A unique addition is the notion of willpower. Each character has their own allocation of willpower points which can be spent at almost any point in battle to buff out their actions. If your character needs to move an extra square on the grid, you can use a point. If you need to do an extra point of damage, willpower can be spent on this too. Each character has their own unique special ability which exerts between one and three points, depending on the ability's level. At first, the sheer amount of willpower available feels generous, and doesn't seem to run out very often. However, later on in the saga you will find the more you level up your characters the more willpower will be depleted as stronger attacks require more expenditure.
A nice little touch is the clan's horn. For each enemy you kill, one willpower point will be added to the horn which can be blown at any point, awarding the currently selected character the extra point. Depending on the caravan's morale, your starting quotient of willpower can increase or decrease, adding another layer of tactics beyond the simple notion of combat.
The caravan is your marching army of clansmen, varl and fighters, and keeping them happy and fed is your main role as whichever unintentional leader you control. As Hakon, bodyguard to the fallen future king Vognir, you become the reluctant leader of a mixed varl-human army as you warn and aid villagers in the face of the dredge onslaught when heading for relative safety at the land's capital. At the opposite end of the map, Rook, a noble and loyal fighter for the village's chieftain, must take control and lead a ragtag bunch of fighters and villagers on a mass exodus across the land following the chieftain's death at the hands of the dredge and their home village of Skogr being torn apart by these evil-doers
Along these lengthy marches, you must ensure you have enough supplies to keep your people fed. Naturally, if supplies run out people will start dying and your numbers will deplete, morale will become low, and progressing through the story becomes a much more difficult ordeal. Supplies can be purchased in town markets, spending your renown points on them - renown being gained from slaying enemies and making difficult decisions. However, renown isn't just in-game currency used for supplies and items, it is also used to promote (or level up) your heroes. You don't always have a lot of renown, so you must often make judgement calls on either making your fighters stronger or keeping your wider army warband alive.
A constant aspect of these long, bleak and depressing marches across the land are the decisions you are forced to make. While these don't happen quite as often as, say, Telltale Game's The Walking Dead, that doesn't mean they're any less consequential and deadly for your people. These decisions come at fairly regular intervals and can't be taken lightly. It actually feels at times like an updated version of The Oregon Trail (or the more recent zombie pastiche The Organ Trail), where getting from A to B relies on successful decisions, supply gathering and not letting your people die of dysentery / hunger. And this is in no way a bad thing.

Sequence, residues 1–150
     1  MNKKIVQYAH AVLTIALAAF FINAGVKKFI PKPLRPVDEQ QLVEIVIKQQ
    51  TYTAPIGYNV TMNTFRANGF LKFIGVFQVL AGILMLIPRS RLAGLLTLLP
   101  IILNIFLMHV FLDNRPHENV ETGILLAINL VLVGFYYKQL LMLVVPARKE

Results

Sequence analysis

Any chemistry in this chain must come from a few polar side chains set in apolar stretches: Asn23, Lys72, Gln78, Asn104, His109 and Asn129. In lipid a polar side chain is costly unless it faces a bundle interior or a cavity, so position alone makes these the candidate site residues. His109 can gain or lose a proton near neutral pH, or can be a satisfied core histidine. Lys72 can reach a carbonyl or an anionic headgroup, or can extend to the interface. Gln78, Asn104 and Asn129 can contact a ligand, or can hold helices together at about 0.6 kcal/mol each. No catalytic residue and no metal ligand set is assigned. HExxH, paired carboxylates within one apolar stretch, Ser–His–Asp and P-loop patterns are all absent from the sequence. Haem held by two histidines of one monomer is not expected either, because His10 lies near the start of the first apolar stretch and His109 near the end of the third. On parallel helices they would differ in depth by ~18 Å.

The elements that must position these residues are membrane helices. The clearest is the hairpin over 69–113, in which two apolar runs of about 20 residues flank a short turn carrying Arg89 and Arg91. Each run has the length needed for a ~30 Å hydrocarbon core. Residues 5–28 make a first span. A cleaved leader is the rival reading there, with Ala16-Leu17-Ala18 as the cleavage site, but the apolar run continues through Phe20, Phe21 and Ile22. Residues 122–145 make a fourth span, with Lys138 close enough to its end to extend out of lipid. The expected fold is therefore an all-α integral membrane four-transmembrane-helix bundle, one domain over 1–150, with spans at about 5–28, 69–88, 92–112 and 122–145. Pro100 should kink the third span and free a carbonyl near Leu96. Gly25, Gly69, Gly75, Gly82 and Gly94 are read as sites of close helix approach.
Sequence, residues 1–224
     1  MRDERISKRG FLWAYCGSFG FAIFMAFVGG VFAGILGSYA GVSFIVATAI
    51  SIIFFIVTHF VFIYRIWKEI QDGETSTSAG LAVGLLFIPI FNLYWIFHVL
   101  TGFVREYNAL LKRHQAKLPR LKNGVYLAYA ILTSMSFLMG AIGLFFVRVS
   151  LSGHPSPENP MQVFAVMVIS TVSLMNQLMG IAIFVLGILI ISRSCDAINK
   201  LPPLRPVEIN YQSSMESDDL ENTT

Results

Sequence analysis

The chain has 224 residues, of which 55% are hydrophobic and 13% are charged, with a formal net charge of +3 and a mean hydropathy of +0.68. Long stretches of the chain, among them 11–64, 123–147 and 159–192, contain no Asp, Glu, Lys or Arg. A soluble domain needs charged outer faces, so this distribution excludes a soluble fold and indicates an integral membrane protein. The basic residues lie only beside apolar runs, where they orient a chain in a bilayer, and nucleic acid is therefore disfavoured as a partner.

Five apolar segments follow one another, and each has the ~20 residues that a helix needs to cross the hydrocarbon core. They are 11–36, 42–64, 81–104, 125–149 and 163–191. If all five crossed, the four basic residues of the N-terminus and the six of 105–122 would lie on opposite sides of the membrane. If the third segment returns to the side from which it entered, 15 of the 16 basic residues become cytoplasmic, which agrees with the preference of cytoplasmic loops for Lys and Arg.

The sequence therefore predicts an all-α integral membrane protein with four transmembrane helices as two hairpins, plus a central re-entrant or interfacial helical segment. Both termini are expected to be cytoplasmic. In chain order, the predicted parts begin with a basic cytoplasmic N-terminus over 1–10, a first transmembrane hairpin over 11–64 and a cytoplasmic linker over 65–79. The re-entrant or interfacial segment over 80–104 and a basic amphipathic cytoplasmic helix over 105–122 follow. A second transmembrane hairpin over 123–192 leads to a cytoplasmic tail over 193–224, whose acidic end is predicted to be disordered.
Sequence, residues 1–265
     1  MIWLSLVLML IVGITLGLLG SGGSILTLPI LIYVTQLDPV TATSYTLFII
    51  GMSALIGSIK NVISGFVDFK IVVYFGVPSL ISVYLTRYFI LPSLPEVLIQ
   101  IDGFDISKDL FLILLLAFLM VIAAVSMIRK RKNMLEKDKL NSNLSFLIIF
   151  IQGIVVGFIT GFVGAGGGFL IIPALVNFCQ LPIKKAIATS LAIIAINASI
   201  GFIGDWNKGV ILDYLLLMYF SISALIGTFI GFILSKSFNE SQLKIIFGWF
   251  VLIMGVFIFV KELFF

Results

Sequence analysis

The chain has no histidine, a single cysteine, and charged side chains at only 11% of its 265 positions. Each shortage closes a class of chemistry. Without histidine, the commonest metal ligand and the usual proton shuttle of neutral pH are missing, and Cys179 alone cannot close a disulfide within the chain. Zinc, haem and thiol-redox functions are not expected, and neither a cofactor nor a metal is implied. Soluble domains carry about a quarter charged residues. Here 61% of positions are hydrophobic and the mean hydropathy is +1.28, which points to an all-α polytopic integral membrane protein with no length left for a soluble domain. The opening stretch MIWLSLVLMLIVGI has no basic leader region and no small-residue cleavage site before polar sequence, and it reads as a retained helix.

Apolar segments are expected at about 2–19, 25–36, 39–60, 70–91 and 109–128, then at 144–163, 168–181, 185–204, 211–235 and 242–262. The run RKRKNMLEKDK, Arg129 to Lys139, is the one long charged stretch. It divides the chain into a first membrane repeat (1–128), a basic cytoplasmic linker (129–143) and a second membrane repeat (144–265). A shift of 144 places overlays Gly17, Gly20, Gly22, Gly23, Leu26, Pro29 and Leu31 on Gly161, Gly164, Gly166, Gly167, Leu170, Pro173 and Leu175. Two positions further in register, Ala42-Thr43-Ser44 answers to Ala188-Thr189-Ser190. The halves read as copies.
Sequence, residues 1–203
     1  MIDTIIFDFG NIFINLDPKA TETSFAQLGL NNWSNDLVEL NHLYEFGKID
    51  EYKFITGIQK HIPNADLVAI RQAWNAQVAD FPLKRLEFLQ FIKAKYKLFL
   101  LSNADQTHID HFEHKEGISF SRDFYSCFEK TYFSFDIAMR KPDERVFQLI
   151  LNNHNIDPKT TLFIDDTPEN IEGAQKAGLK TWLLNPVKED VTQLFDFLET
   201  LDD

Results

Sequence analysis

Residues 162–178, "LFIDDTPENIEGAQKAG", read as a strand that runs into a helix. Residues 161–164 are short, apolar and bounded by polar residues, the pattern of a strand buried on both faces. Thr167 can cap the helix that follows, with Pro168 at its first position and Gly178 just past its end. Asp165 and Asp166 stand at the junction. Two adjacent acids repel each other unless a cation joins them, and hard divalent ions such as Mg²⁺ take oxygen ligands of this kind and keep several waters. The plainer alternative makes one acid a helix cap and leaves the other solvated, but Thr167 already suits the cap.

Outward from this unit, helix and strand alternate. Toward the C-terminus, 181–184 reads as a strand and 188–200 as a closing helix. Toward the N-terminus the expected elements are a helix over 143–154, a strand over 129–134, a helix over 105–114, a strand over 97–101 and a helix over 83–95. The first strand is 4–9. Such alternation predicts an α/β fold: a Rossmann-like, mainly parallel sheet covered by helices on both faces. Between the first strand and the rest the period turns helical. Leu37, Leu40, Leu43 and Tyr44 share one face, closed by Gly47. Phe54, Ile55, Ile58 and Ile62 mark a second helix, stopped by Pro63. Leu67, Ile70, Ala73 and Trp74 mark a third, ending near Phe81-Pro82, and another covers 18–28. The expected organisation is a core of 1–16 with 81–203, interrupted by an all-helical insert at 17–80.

From fraught race relations between varl and humans, dissent in the ranks, drunkards crying wolf and causing damage, to life or death decisions involving literal cliffhangers, and what to do when a city, which is your last bastion of hope, has closed its walls to outsiders, what you decide will always have a knock-on effect, affecting numbers of fighters, supplies or renown you can gain or lose. Over the long campaign, upwards of twenty hours or so, almost all of your total roster of heroes can succumb to permadeath following a foolish decision or unexpected outcome, after which elements of the story will weave the respective narrative depending on who lives and who dies. It certainly keeps those long treks through the beautiful landscapes interesting knowing that a buffed out hero on whom you've spent much renown and taken time to care about can simply fall off a cliff and die.
Overall, the guys at Stoic have made a great achievement. Admittedly it is in no way as deep or customisable as many other RPGs of this kind, but after playing through a little of the campaign it's clear this is intentional. The Banner Saga has its own set of customisations, attributes and systems in place that really work. The combat is a simple 'move-attack-end turn' affair, sure, but each character brings to the table their own attack methods, defensive skills, items and buffs that add a whole new dimension to proceedings. Everything about The Banner Saga is more intuitive than it first appears, which acts as both a gift and a curse. It looks too basic on the surface, and only after a fairly sizeable playthrough will one fully appreciate the intricacies of what lies beneath the simple combat system and decision making, and more importantly how they intertwine with each other, and how well.
Despite certain issues like a lack of real customisation beyond increasing the few stats of each character and adorning them with the odd item here and there, and spelling mistakes, The Banner Saga works really, really well. Combat won't be to everyone's tastes, but with XCOM: Enemy Unknown and the Fire Emblem series flying the flag for modern turn-based combat, a wider audience is now open to The Banner Saga, and I can fully recommend it. Hopefully, if The Banner Saga is a success (and I can see no reason why it wouldn't be), then the team at Stoic can fine-tune their magnificent accomplishment come the planned second and third instalments. With a Walking Dead style effort to remember decisions made and survivors from this episode planned, I foretell The Banner Saga will be a new big name in RPGs in coming years. A great accomplishment.